Cited by:

    1. Pawlak, Jacek & Polak, John W. & Sivakumar, Aruna, 2015. "Towards a microeconomic framework for modelling the joint choice of activity–travel behaviour and ICT use," Transportation Research Part A: Policy and Practice, Elsevier, vol. 76(C), pages 92-112.
    2. Fu, Miao & Andrew Kelly, J. & Peter Clinch, J. & King, Fearghal, 2012. "Environmental policy implications of working from home: Modelling the impacts of land-use, infrastructure and socio-demographics," Energy Policy, Elsevier, vol. 47(C), pages 416-423.
    3. Nursitihazlin Ahmad Termida & Yusak O. Susilo & Joel P. Franklin, 2016. "Examining the effects of out-of-home and in-home constraints on leisure activity participation in different seasons of the year," Transportation, Springer, vol. 43(6), pages 997-1021, November.
    4. Dissanayake, Dilum & Morikawa, Takayuki, 2008. "Impact assessment of satellite centre-based telecommuting on travel and air quality in developing countries by exploring the link between travel behaviour and urban form," Transportation Research Part A: Policy and Practice, Elsevier, vol. 42(6), pages 883-894, July.
    5. O'Keefe, Paul & Caulfield, Brian & Brazil, William & White, Peter, 2016. "The impacts of telecommuting in Dublin," Research in Transportation Economics, Elsevier, vol. 57(C), pages 13-20.
    6. Lachapelle, Ugo & Noland, Robert B., 2012. "Does the commute mode affect the frequency of walking behavior? The public transit link," Transport Policy, Elsevier, vol. 21(C), pages 26-36.
    7. Sumita Raghuram & Dong Fang, 2014. "Telecommuting and the role of supervisory power in China," Asia Pacific Journal of Management, Springer, vol. 31(2), pages 523-547, June.
    8. Nijland, Linda & Dijst, Martin, 2015. "Commuting-related fringe benefits in the Netherlands: Interrelationships and company, employee and location characteristics," Transportation Research Part A: Policy and Practice, Elsevier, vol. 77(C), pages 358-371.

    More about this item


    Social and Behavioral Sciences;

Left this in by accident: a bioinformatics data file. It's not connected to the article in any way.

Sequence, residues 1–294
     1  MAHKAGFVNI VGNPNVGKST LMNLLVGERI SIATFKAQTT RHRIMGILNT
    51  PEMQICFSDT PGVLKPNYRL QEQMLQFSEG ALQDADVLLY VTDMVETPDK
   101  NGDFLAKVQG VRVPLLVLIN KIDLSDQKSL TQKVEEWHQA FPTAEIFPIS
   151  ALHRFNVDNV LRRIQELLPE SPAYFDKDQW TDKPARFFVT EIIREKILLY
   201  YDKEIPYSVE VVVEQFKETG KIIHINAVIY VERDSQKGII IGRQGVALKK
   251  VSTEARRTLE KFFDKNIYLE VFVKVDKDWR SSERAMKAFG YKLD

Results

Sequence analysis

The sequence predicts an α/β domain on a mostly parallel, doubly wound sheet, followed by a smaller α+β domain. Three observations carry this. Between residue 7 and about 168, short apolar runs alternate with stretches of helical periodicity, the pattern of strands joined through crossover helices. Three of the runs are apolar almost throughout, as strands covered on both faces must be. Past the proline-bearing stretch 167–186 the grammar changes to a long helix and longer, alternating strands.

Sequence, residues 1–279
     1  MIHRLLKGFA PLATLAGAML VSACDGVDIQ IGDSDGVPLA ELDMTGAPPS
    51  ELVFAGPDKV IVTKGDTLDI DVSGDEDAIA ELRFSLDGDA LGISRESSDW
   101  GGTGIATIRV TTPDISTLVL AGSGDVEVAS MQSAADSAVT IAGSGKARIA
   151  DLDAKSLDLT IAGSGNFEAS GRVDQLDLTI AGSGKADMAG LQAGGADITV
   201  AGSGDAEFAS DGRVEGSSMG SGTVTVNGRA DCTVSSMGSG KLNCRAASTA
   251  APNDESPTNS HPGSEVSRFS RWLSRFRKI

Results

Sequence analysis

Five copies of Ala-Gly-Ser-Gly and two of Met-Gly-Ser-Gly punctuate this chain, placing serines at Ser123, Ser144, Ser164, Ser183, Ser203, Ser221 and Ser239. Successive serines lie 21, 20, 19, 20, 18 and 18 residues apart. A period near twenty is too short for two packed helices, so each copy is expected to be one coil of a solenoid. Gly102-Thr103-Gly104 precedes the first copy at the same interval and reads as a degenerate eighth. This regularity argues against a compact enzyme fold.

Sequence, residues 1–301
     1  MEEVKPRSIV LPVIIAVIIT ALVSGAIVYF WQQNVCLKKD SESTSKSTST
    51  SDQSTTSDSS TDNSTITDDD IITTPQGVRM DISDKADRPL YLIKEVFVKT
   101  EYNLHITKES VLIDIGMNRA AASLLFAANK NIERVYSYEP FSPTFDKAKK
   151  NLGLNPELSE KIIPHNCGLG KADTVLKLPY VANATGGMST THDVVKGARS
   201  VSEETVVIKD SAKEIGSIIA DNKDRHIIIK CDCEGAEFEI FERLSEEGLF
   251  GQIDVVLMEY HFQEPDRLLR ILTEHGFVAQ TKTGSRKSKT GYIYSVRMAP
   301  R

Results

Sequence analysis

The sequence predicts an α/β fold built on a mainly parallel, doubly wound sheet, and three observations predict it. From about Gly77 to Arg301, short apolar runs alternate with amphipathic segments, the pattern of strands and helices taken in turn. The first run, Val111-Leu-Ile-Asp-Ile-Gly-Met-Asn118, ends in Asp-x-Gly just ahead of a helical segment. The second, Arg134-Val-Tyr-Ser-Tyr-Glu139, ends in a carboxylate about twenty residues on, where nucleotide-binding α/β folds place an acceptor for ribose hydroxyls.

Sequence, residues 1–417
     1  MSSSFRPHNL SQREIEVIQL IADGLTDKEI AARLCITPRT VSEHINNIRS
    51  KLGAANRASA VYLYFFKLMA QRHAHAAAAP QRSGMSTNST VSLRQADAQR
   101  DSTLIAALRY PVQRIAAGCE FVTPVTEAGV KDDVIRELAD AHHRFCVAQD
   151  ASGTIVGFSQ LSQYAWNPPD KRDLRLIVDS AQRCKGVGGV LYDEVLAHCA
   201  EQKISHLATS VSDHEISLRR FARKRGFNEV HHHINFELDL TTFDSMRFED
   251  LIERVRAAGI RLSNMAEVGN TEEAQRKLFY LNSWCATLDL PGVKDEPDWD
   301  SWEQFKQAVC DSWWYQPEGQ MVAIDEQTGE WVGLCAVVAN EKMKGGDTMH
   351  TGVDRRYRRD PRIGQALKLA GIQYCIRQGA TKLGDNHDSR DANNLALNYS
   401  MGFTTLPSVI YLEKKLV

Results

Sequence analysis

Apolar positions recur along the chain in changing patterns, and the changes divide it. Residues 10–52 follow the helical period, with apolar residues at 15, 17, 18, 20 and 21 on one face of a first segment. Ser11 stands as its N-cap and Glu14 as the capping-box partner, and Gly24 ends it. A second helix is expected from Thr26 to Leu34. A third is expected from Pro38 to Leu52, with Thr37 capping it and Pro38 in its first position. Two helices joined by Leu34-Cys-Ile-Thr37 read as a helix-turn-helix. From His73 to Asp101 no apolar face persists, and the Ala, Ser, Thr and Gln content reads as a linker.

Access and download statistics


    All material on this site has been provided by the respective publishers and authors. You can help correct errors and omissions. When requesting a correction, please mention this item's handle: RePEc:cdl:uctcwp:qt6792b1k7. See general information about how to correct material in RePEc.

    For technical questions regarding this item, or to correct its authors, title, abstract, bibliographic or download information, contact: (Lisa Schiff). General contact details of provider: .

    If you have authored this item and are not yet registered with RePEc, we encourage you to do it here. This allows to link your profile to this item. It also allows you to accept potential citations to this item that we are uncertain about.

    If CitEc recognized a reference but did not link an item in RePEc to it, you can help with this form .

    If you know of missing items citing this one, you can help us creating those links by adding the relevant references in the same way as above, for each refering item. If you are a registered author of this item, you may also want to check the "citations" tab in your RePEc Author Service profile, as there may be some citations waiting for confirmation.

    Please note that corrections may take a couple of weeks to filter through the various RePEc services.

    IDEAS is a RePEc service hosted by the Research Division of the Federal Reserve Bank of St. Louis . RePEc uses bibliographic data supplied by the respective publishers.